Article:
- Apple posted a new March quarter record during its recent earnings call.
- Tim Cook noted a supply constraint expected in quarter 3 of 2021.
- For now, Apple has enough buffer to meet the demands of the second quarter.
Apple posted record earnings for its MacBook and services for the second quarter of 2021 at its recent earnings call. The company also posted an increase of 54 per cent in total revenue, reaching a new March quarter record. On the back of the success, it also warned of an impending supply shortage later this year.
Speaking to analysts during the earnings call, Apple CEO Tim Cook noted an expected supply constraint in quarter 3 of 2021. The company chief mentioned that the shortage would primarily impact the Mac and iPad lineups.
"We expect to be supply-gated, not demand-gated," Cook told analysts during the earnings call, as reported by 9to5mac. Cook highlighted "legacy nodes" as the biggest issue in the shortage, saying that predicting the impact is hard because of multiple players involved.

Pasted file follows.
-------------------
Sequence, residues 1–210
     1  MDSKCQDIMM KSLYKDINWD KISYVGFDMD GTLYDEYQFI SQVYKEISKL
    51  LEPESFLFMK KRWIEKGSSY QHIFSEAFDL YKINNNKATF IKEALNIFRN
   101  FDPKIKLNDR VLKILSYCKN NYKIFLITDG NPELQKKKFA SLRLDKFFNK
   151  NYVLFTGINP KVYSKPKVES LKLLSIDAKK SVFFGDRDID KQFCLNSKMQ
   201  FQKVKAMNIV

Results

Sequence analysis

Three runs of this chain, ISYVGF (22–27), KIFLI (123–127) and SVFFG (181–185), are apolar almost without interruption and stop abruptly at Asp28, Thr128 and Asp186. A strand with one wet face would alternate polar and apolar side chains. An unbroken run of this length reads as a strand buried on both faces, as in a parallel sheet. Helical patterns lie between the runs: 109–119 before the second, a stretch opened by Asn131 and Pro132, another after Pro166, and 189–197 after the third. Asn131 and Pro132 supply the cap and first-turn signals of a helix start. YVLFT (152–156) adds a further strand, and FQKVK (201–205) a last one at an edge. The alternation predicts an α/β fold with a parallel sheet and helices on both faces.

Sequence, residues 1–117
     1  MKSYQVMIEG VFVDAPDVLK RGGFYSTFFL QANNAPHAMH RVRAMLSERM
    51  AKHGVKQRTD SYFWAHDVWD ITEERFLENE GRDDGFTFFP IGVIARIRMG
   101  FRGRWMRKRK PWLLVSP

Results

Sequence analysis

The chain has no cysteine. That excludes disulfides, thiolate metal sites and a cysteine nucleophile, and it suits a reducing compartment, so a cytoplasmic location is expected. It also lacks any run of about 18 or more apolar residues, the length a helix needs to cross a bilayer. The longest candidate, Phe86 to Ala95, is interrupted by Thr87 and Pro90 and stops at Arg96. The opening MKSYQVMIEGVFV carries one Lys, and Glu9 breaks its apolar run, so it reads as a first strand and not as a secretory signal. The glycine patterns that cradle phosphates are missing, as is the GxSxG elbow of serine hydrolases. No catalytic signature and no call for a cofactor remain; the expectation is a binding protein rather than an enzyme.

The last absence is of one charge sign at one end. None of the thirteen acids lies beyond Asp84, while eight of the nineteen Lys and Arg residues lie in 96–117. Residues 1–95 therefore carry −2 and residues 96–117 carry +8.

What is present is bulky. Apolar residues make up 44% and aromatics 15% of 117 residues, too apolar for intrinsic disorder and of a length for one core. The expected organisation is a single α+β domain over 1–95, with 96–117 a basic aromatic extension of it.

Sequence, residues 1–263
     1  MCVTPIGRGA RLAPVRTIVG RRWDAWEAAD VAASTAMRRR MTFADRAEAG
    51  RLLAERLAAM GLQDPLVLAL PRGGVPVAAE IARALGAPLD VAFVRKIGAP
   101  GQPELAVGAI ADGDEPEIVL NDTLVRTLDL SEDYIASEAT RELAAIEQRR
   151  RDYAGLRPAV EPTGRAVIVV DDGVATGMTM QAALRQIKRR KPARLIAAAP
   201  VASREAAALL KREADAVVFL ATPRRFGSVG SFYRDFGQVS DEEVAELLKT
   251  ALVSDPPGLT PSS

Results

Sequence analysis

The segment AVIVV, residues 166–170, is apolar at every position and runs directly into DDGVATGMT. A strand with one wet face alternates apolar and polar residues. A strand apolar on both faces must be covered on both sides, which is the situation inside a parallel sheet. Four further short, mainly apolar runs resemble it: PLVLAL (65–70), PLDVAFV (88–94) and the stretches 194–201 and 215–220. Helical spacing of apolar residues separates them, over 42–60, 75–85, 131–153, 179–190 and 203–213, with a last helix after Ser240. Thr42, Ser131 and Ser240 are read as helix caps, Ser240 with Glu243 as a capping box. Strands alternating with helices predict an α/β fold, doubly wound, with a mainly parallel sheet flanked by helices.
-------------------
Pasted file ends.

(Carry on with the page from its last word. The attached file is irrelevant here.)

The shortage will also be felt because of an increased demand for iPad and Mac that Apple has experienced for over a year. The demand surge is accredited to the rise in remote work since the pandemic last year, as well as Apple's transition to its M1 chipsets for the products.
Apple CFO Luca Maestri noted on the conference call that the limited supply could cost the company somewhere between $3 billion to $4 billion in revenue for the fiscal third quarter. Despite the huge revenue cut, Maestri predicted a "strong double digits" year-over-year growth in revenue for the quarter. "We wish we had more inventory of iPad and Mac," Maestri said.
Recent reports unveiled that Apple will soon be bringing the successor to its M1 chips to MacBooks later this year. 9to5mac reports that the company has largely been able to procure the 5nm chip, but the constraints lie with the other components of both MacBooks and iPads.
For iPad, this constraint is said to be with the display, while for MacBooks, the mounting process of components onto circuit boards stands to be the challenge.
Despite the predicted supply constraint, Apple's production of MacBooks and iPads is expected to go smoothly for the second quarter at least. Cook explained that the company has "buffers and offsets" in the supply chain that will get the company through the said period.
How Apple will tackle the challenges to be faced later this year is still to be seen.